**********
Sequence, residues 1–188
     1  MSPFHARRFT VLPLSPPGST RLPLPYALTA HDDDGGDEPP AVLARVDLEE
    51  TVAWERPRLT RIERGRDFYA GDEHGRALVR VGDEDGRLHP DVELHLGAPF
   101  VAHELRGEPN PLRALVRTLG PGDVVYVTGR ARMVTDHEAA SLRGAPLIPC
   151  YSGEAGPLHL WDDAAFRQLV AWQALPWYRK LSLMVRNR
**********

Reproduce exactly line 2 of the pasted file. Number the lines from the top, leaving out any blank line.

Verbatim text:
     1  MSPFHARRFT VLPLSPPGST RLPLPYALTA HDDDGGDEPP AVLARVDLEE